Lindsey Vonn’s Olympics heartbreak goes on as one wrong turn costs her a medal at Pyeongchang
After waiting almost eight years to return to Winter Olympics, the American finishes tied for sixth after late error
The final stage of Lindsey Vonn’s journey back to the Olympics wound past lonely farmhouses and ice-choked rivers along the narrow road up to the Jeongseon Alpine Centre.
The most successful women’s skier in World Cup history waited almost eight years to return, suffering through heartbreak and serious injuries.
But Vonn’s blitz down the glistening super-G course at the Pyeongchang Olympics on Saturday ended in disappointment.
She finished tied for sixth and wondered what might have been if not for a time-killing mistake on a turn late in the race.
“I thought it was going to be really great or really bad,” said Vonn, competing in her fourth Olympics. “It didn’t turn out the way I hoped. … I did the best that I could. But I’m so proud of my performance. I gave it everything I have.”
The road here wasn’t easy.
After Vonn won a gold medal in the downhill at the Vancouver Olympics in 2010, she suffered a broken left ankle, fractures in her left knee, a broken right arm and, most seriously, a torn anterior cruciate ligament in her right knee. That injury forced her out of the Sochi Games.
And there’s the heartbreak that includes a divorce in early 2013 and a relationship with Tiger Woods before they split up in 2015.
All the while, Vonn piled up victories on the World Cup circuit. A pair of downhill wins last month pushed her career total to 81. That’s the most by any woman and short of only the 86 by Sweden’s Ingemar Stenmark.
Vonn started first on Saturday, putting her in the difficult position of not getting feedback on the course conditions from other skiers and fighting a headwind. In the final stretch, she took a sharp left turn too wide and almost lost control. If the turn had been clean, she would have been in contention for gold.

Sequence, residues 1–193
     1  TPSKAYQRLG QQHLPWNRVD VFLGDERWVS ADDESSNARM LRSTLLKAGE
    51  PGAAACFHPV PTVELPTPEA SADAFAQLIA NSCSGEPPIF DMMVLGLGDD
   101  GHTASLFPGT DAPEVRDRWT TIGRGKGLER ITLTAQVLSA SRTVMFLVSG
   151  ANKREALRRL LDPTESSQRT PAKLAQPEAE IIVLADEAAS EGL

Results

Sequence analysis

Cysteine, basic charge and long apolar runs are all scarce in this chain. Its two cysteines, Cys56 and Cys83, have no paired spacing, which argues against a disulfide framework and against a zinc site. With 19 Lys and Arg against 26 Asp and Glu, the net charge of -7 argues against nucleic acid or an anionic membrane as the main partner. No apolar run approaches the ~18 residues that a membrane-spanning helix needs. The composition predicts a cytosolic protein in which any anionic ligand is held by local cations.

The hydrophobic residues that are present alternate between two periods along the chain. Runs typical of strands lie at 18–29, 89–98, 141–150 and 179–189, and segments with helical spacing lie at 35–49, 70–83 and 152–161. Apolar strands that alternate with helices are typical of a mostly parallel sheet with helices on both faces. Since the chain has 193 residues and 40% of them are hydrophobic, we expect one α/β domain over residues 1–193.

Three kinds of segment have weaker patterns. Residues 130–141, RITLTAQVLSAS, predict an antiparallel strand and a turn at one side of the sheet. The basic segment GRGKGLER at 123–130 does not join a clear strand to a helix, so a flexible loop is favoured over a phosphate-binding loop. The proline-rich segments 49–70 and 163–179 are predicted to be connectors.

“I made one mistake and that cost me a medal,” she said.
After skidding to a stop in front of the grandstand – supporters had a sign reading “She wins if she Vonns” – she shook her head, then mouthed: “I tried.”
The dramatics came long after Vonn finished.
The 26th skier to start, Ester Ledecka of the Czech Republic, is a snowboarding champion with only a handful of podium finishes in World Cup events. By the time she perched in the starting gate, the big names already had raced and the event seemed all but over.
But a gasp went up from the crowd when Ledecka, who trains in Steamboat Springs, Colorado, crossed the finish line a hundredth of a second better than first-place Anna Veith of Austria.
Ledecka, 22, froze in disbelief. She didn’t celebrate. She looked stunned.
“Pure Ester,” said Justin Reiter, her snowboard coach and a former US Olympian.
Later, Ledecka said she believed her time was a mistake and waited for a couple of seconds to be added. Instead, she ended up with the gold medal. Veith, the defending champion, took silver and Lichtenstein’s Tina Weirather came in third.
At the post-race news conference, Ledecka declined to remove her goggles.
“I was not prepared being at this ceremony and I don’t have no make-up,” she said.
The room erupted in laughter.
Ledecka’s Olympics aren’t done. She’s also competing in the snowboard parallel giant slalom and will become the first athlete to ski and snowboard in the same Games.
More competition remains for Vonn, too. She is the favourite in Wednesday’s downhill at the Jeongseon Alpine Centre.
“I’ve been waiting eight years for this. I’m super happy,” she said. “I would be more disappointed if I came down slow and not pushing myself. … Everything lined up except for one turn.”